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Powerful Chechen strongman lavished with praise on birthday

Powerful Chechen strongman lavished with praise on birthday

Authorities in war-ravaged Chechnya on Thursday celebrated the 30th birthday of the Russian region's powerful prime minister with events choreographed to lavish praise on the Moscow-backed strongman.
The celebrations took place as Chechen premier Ramzan Kadyrov stepped back from suggestions he could seek to take the place of the current regional president before his term ends in 2008 _ a move that would further bolster his grip on power.
Kadyrov has been hailed for recent efforts to rebuild and has been at the heart of a Kremlin strategy to crush continued rebel resistance and establish order after 12 years of nearly constant separatist conflict in the largely Muslim region in southern Russia.
But he is tainted by widespread accusations of abuse by security forces under his control _ which include former rebels he has persuaded or coerced into switching sides _ and his growing power raises questions about Chechnya's future.
Despite signs of a gradual return to normality as authorities pour hundreds of millions of dollars into reconstruction of infrastructure and buildings devastated by war, civilians remain in fear of kidnappings and other abuses often blamed on Kadyrov's forces.
Ceremonies began with the opening of a massive arch marking the entrance to the capital, Grozny, on a road leading from Kadyrov's strongholds in eastern Chechnya, and were to continue with the opening of Grozny's airport _ out of service since 1999.
"Triumphal arches are built when one is victorious, and today this means the end of years of disorder in the republic," said Aslanbek Aslakhanov, an adviser to President Vladimir Putin on Chechnya.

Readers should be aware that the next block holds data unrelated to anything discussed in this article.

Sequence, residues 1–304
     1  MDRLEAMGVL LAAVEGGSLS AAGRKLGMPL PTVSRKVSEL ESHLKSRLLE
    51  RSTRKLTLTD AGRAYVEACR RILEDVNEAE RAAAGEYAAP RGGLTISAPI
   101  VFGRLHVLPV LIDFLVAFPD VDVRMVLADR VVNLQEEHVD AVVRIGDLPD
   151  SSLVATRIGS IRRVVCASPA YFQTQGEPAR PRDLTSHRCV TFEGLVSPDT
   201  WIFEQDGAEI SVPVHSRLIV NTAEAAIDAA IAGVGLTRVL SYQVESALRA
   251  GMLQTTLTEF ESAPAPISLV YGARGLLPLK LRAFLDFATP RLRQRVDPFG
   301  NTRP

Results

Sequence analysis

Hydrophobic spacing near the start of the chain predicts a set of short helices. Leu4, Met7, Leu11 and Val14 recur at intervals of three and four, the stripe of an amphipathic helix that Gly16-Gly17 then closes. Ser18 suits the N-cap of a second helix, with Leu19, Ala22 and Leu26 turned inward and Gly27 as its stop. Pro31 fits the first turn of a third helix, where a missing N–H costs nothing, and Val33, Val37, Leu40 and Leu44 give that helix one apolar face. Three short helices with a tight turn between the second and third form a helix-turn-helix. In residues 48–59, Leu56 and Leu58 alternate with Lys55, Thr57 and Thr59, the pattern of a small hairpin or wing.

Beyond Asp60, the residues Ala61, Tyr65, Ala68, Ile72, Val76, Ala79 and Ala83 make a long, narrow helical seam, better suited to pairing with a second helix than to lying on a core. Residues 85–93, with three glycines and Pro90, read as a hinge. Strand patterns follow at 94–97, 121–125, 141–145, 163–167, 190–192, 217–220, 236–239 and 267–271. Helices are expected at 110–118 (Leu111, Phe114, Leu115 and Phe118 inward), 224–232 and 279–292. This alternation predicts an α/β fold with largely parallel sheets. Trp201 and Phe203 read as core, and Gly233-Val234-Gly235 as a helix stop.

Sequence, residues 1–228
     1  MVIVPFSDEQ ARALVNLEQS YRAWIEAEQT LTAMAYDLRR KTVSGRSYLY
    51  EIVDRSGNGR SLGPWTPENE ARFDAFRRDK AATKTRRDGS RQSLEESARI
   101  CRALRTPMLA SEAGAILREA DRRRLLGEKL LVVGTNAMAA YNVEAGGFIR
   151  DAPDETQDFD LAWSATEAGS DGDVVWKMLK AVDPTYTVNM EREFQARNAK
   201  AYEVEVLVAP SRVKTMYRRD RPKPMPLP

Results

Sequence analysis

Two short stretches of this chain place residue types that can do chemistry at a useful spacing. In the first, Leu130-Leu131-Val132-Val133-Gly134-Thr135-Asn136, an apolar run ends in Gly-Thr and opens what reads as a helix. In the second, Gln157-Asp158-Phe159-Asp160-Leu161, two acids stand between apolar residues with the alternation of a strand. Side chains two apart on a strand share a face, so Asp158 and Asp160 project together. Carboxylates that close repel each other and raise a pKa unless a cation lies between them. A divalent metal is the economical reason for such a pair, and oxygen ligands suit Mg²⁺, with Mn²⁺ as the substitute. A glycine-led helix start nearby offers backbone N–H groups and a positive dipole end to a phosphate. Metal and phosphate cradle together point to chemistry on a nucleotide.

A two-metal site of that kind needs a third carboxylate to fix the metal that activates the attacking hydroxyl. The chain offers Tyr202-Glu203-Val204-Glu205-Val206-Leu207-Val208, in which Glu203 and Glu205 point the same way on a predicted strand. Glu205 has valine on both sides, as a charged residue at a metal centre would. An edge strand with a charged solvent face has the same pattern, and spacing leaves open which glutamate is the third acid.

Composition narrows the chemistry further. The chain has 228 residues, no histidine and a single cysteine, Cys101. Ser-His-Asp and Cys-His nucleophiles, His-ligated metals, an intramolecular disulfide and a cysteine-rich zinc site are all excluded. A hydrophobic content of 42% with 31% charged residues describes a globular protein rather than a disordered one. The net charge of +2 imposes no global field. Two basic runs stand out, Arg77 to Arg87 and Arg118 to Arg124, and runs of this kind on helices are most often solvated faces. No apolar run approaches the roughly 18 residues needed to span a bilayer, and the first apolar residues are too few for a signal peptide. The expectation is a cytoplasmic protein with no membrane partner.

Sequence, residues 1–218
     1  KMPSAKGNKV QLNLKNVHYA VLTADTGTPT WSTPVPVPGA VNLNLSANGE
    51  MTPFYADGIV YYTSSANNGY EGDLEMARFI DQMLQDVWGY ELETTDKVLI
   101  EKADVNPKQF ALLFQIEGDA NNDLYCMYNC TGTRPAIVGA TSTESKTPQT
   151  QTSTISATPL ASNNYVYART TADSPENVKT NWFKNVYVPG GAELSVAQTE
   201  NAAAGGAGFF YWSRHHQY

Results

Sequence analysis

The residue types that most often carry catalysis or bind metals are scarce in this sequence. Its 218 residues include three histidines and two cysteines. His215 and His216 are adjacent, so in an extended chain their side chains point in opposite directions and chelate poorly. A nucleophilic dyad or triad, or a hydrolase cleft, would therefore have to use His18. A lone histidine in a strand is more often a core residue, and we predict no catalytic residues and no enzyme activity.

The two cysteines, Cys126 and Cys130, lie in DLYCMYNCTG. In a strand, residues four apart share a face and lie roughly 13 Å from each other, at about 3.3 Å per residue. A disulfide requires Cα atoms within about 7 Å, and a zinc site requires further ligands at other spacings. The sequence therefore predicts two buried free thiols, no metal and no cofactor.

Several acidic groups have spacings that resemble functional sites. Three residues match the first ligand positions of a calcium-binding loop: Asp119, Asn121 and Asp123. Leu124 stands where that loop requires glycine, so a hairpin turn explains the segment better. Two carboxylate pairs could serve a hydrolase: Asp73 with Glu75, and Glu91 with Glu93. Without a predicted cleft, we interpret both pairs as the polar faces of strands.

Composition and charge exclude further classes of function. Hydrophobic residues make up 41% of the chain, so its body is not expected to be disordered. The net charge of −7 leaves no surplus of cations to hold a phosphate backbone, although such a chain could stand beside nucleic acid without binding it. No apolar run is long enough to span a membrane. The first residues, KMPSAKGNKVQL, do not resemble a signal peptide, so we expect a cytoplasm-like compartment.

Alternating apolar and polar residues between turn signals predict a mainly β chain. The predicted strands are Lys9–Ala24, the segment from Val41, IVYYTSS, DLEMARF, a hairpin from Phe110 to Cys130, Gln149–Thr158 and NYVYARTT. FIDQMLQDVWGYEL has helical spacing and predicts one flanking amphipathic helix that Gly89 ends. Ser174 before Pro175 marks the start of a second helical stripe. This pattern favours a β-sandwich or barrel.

"Today, on his birthday, Ramzan Kadyrov has made a gift to himself and his people," Aslakhanov said. He said Kadyrov "has been able to do what many could not _ shift the republic from military components to a peaceful track."
The minimum age to hold the top post in Chechnya is 30, and there has been widespread speculation that Kadyrov could take over soon from the current president, Alu Alkhanov, who is seen as less popular and less powerful.
Some observers say the Kremlin, fearing a loss of control, is unlikely to further boost Kadyrov's clout by maneuvering him into the top job, and Kadyrov reportedly said Thursday he would not seek the presidency before Alkhanov's term ends.
"I have already decided that that it is too early for me to become president. We have an elected president of the republic, and until his term comes to an end, I think it is too early to speak of me as a candidate for the post," ITAR-Tass quoted Kadyrov as saying.
Last week, Kadyrov had left the door open for an early presidential bid, telling journalists that he would take stock of the situation at year's end and follow the will of the people.
Russian forces entered Chechnya in 1994 to crush its separatist leadership, but withdrew after a devastating 20-month war that left rebels in charge of the mostly Muslim region. Russian forces returned in 1999 and drove the separatists from power.
Kadyrov is the son of Chechnya's first pro-Moscow president, Akhmad Kadyrov, who was elected in October 2003 and assassinated seven months later. The term of his successor, Alkhanov, expires in 2008, but he could be replaced if he resigned or were disabled.
Under new federal legislation that abolished direct elections of regional leaders, Chechnya's next president would be nominated by the Russian president and approved by the regional legislature.


Updated : 2021-07-25 09:08 GMT+08:00